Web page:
In order to discover what grade you're actually working with, use an inexpensive line level and some masonry string to measure the vertical distances of the proposed patio corners. In the picture that labels the corners "A,B,C,D"... "A" is presumed to be the highest elevation. If it turns out that "D" is highest (but I doubt it) make measurements from there instead. You're looking for the vertical difference between the highest corner ("A") and all the others. Also, determine the horizontal distance between "A" and "B" ...And between "B" and "C".

    Bookmark   July 5, 2012 at 8:56AM
Thank you for reporting this comment. Undo

I missed the part of the walkway remaining.

I have a preference for a wider entry/exit area but I was thinking more on the lines of 6' wide perhaps not the length of the current sidewalk.

Upon Yard's recommendation and reviewing the pics, I can see that his #1 recommendation would well work too. Adding onto the current sidewalk IMO will always look like a patch job instead of a well thought patio. Yes you are giving it thought but for a just a little extra money, it could look great.

Thanks Yard for providing such an easy way to measure the grading. We've been doing it with 12' boards. Your way is so much easier, faster and more accurate.

    Bookmark   July 5, 2012 at 1:56PM
Thank you for reporting this comment. Undo

I really like your instructions on how to measure the grade. I will go get a line level this weekend to try to figure it out.
We had not really planned on removing the walkway. It runs along the side of house the whole way to the front where it ties into the steps down to the sidewalk. We also are not intending to change the fence as we built that only two years ago.
We're trying to avoid this becoming a big job as this would prevent us from doing anything at all (the reason other jobs around the house are waiting until we are ready to go "all in"). If we end up staying in this house in the long term, we would likely want to redo the patio down the road. For now, we want to create an outdoor space for an eating area and to eliminate the "sandbox" that is outside our house because our dogs drag a dustpan full of sand into the house every day. So I guess you can say we are looking for a "make do solution".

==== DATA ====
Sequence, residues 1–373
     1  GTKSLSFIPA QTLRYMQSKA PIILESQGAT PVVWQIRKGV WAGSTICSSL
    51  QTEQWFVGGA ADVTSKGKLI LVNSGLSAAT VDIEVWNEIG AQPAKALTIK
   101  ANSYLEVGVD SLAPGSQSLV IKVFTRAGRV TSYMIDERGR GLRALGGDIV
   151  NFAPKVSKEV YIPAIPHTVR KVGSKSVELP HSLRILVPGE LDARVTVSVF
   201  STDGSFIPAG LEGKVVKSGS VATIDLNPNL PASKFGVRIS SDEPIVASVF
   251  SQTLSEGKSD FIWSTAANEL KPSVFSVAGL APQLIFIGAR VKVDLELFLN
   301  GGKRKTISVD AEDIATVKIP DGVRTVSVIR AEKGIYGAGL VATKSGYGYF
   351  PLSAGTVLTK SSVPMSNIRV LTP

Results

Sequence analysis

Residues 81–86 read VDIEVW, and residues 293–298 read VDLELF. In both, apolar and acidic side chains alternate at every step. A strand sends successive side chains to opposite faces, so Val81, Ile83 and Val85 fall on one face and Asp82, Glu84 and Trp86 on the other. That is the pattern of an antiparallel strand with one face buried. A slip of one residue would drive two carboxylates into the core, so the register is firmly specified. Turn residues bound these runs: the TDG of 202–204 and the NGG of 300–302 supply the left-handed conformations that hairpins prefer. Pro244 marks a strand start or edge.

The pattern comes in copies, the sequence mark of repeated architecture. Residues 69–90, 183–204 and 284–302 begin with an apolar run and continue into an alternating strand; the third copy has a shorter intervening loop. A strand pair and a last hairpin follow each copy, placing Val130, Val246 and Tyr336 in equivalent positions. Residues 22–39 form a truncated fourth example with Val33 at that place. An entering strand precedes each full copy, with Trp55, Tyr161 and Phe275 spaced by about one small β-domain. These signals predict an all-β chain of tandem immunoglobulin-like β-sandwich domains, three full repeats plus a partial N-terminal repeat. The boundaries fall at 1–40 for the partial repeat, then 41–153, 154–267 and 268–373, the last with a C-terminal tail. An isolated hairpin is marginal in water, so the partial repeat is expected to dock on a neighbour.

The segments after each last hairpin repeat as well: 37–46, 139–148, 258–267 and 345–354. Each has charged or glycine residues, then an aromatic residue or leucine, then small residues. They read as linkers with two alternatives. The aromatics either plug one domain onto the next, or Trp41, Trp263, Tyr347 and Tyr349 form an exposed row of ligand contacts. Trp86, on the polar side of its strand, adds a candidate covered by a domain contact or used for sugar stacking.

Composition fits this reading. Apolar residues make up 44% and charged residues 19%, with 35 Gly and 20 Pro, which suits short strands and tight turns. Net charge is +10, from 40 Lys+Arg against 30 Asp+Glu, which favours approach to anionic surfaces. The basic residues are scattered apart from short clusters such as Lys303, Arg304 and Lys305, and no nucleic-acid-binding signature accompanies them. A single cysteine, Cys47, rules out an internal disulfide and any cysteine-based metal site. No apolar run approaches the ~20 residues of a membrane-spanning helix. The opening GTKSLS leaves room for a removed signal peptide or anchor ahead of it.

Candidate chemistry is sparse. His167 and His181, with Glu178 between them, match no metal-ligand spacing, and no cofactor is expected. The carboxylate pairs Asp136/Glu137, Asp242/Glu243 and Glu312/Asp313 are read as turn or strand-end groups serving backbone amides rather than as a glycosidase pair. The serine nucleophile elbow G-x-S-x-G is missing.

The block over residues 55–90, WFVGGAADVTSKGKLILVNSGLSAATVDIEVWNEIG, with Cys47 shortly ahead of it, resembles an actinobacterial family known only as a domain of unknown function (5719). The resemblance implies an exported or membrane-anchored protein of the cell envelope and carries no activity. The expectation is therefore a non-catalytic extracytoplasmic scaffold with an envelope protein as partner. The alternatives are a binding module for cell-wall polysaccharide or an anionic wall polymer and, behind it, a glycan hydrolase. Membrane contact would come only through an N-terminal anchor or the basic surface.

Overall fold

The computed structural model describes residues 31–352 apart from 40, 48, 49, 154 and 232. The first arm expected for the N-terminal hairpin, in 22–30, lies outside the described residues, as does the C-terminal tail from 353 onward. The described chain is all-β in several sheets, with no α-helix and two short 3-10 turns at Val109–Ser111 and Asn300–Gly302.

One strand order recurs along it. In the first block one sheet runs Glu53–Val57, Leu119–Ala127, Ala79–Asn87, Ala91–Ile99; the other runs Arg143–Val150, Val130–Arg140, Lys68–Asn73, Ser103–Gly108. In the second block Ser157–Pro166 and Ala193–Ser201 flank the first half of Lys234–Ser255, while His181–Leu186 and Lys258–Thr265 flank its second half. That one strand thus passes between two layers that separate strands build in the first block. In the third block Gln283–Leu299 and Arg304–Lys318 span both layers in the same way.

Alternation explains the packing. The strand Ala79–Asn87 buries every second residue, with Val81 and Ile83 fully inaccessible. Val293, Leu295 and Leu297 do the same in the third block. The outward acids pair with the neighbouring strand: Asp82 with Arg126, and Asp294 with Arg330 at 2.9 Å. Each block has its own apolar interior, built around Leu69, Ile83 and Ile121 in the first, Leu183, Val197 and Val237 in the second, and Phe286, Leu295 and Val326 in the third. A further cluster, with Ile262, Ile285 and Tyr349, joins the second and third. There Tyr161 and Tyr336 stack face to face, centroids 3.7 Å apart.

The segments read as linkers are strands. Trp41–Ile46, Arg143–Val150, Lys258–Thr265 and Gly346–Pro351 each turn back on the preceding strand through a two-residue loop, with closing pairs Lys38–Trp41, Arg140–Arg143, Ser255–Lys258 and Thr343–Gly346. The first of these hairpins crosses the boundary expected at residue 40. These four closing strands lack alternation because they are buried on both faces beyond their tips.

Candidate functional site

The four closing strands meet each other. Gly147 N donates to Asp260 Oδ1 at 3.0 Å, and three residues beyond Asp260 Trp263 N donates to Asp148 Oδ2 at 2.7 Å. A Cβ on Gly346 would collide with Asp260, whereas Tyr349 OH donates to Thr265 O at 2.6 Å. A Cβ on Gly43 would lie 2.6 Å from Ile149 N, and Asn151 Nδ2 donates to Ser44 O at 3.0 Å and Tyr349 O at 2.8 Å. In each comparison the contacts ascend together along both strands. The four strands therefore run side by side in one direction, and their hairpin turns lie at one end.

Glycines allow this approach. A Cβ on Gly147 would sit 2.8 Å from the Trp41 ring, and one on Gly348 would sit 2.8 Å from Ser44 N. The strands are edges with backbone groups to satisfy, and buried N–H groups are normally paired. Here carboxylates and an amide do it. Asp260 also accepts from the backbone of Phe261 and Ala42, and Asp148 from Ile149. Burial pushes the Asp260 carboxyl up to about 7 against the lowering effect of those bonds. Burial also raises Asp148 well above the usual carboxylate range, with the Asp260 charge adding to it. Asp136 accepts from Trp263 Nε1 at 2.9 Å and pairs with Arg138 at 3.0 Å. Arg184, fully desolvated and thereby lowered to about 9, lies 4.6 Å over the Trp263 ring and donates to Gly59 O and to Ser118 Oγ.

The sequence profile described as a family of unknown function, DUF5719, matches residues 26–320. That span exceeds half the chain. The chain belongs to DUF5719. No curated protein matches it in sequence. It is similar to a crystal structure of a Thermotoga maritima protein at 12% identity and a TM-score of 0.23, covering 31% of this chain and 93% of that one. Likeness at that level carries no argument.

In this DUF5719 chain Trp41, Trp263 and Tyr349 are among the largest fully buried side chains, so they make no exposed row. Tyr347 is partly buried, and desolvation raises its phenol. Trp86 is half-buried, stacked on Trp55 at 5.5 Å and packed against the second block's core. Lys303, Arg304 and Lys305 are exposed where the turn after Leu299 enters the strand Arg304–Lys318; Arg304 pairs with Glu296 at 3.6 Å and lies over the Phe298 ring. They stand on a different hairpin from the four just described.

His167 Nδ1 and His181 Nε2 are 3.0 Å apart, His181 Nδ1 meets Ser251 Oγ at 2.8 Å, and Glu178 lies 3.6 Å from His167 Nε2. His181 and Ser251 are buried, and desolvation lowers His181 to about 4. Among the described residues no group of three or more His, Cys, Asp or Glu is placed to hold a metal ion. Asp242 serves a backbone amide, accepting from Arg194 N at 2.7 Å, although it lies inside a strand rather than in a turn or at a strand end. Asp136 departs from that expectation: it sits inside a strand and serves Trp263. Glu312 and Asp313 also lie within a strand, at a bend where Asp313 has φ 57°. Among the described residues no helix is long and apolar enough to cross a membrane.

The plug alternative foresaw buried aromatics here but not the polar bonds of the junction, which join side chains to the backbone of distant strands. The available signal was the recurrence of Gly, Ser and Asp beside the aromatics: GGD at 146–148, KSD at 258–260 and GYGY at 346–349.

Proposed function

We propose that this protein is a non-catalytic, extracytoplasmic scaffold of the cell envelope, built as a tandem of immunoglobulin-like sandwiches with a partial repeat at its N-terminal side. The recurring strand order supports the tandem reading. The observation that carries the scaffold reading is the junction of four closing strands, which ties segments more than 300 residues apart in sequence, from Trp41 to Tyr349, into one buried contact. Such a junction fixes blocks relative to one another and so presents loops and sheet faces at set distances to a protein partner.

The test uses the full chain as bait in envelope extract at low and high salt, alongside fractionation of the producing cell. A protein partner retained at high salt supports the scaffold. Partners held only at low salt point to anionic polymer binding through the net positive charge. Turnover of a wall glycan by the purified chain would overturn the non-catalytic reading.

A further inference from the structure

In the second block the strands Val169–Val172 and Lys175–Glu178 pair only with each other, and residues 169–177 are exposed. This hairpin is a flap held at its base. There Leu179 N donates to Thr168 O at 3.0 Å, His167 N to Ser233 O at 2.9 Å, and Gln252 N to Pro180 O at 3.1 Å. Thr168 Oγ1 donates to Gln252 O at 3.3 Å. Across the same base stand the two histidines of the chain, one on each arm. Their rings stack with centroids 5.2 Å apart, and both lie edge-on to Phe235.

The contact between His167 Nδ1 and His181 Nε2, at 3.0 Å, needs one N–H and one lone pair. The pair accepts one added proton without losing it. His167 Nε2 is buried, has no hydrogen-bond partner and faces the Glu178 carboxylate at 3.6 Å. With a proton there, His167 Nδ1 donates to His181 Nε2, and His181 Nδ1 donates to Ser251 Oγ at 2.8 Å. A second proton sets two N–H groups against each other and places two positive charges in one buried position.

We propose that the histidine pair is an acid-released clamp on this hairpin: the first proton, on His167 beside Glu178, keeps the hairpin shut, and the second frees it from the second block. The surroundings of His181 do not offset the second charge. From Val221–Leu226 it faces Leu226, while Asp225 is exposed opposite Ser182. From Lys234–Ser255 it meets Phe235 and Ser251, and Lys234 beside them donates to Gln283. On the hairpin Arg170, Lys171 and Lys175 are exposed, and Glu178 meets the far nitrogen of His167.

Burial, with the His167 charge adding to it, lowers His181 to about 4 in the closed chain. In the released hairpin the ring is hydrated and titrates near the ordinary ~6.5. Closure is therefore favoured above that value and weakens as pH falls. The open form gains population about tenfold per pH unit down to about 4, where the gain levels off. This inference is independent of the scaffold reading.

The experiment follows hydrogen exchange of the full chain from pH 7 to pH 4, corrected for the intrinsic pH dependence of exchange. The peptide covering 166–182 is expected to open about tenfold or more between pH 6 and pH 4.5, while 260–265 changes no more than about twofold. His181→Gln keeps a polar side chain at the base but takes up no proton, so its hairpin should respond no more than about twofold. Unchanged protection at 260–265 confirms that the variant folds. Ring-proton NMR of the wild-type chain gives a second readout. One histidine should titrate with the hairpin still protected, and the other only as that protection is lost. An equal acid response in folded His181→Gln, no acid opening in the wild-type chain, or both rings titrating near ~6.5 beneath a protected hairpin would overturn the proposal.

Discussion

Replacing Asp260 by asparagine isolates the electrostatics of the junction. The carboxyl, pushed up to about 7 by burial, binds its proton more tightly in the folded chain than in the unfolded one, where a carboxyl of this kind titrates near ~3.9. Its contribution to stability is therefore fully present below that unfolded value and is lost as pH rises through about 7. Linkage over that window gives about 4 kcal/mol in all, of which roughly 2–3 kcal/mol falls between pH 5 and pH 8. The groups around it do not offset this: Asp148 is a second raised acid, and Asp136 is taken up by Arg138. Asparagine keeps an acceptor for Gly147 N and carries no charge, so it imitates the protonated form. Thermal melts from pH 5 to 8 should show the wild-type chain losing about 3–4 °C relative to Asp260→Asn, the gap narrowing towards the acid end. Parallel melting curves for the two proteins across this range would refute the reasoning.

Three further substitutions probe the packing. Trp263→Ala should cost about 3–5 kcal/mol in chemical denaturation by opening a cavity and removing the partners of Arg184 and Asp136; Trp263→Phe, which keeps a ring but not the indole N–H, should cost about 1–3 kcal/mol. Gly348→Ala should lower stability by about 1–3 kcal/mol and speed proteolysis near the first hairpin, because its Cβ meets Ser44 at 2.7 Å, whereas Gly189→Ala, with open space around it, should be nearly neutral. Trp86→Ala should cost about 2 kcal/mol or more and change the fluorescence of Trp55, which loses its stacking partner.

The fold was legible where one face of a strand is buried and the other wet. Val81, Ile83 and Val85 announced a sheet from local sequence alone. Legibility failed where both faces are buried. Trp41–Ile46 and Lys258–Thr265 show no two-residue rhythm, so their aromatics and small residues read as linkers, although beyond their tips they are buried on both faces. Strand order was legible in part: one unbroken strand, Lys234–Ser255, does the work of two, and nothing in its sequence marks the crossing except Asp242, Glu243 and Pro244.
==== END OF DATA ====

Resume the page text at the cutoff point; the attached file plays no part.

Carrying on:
Bookmark   July 5, 2012 at 6:35PM
Thank you for reporting this comment. Undo

"We're trying to avoid this becoming a big job..."

I didn't think you intended to remove the walk and not suggesting that you do. If you can live with the Euro-mix-and-match, I'm not opposed to your doing so. I'm suggesting that if you had a clean slate with no existing walk or fence, you'd probably create a simple one-level patio... not the step-down situation with retaining walls that you automatically seem to be jumping to. Think about just adding on to the the existing walk as though it were part of that single level. Not saying you can't do a step-down, but then I'd be gravitating toward Aloha's suggestion of expanding the width of the existing walk near the entrance area and then stepping down. Otherwise, the entrance area level would seem skimpy. It would be a little more effort, but it would also tend toward working well with the existing left run of fence. However, I think you're going to need to do a little remodeling of the lower edge of the fence along the gate run. But it would not be a big deal so should not scare you or bring your project to a halt. After you determine the ACTUAL grade differences at the proposed patio corners, it will be easier to know what is possible and reasonable.

While using the line level keep the line taught. (Glad you can use it, too, Aloha!)

    Bookmark   July 5, 2012 at 8:10PM
Sign Up to comment
More Discussions
Help! My new front yard is UGLY! Any ideas appreciated!
Do I keep the stone flower bed edge? I was told it...
New construction landscaping
I am looking for any suggestions for low maintenance...
Help with small retaining wall
I am starting to landscape my yard and am having trouble...
Issue with Retainer Wall, fixable or redo?
Hi, first time posting here. I'm looking for advice...
John Turner
Help with frontyard design changes
Hi, I’m in the process of replacing turf in my front...
People viewed this after searching for:
© 2015 Houzz Inc. Houzz® The new way to design your home™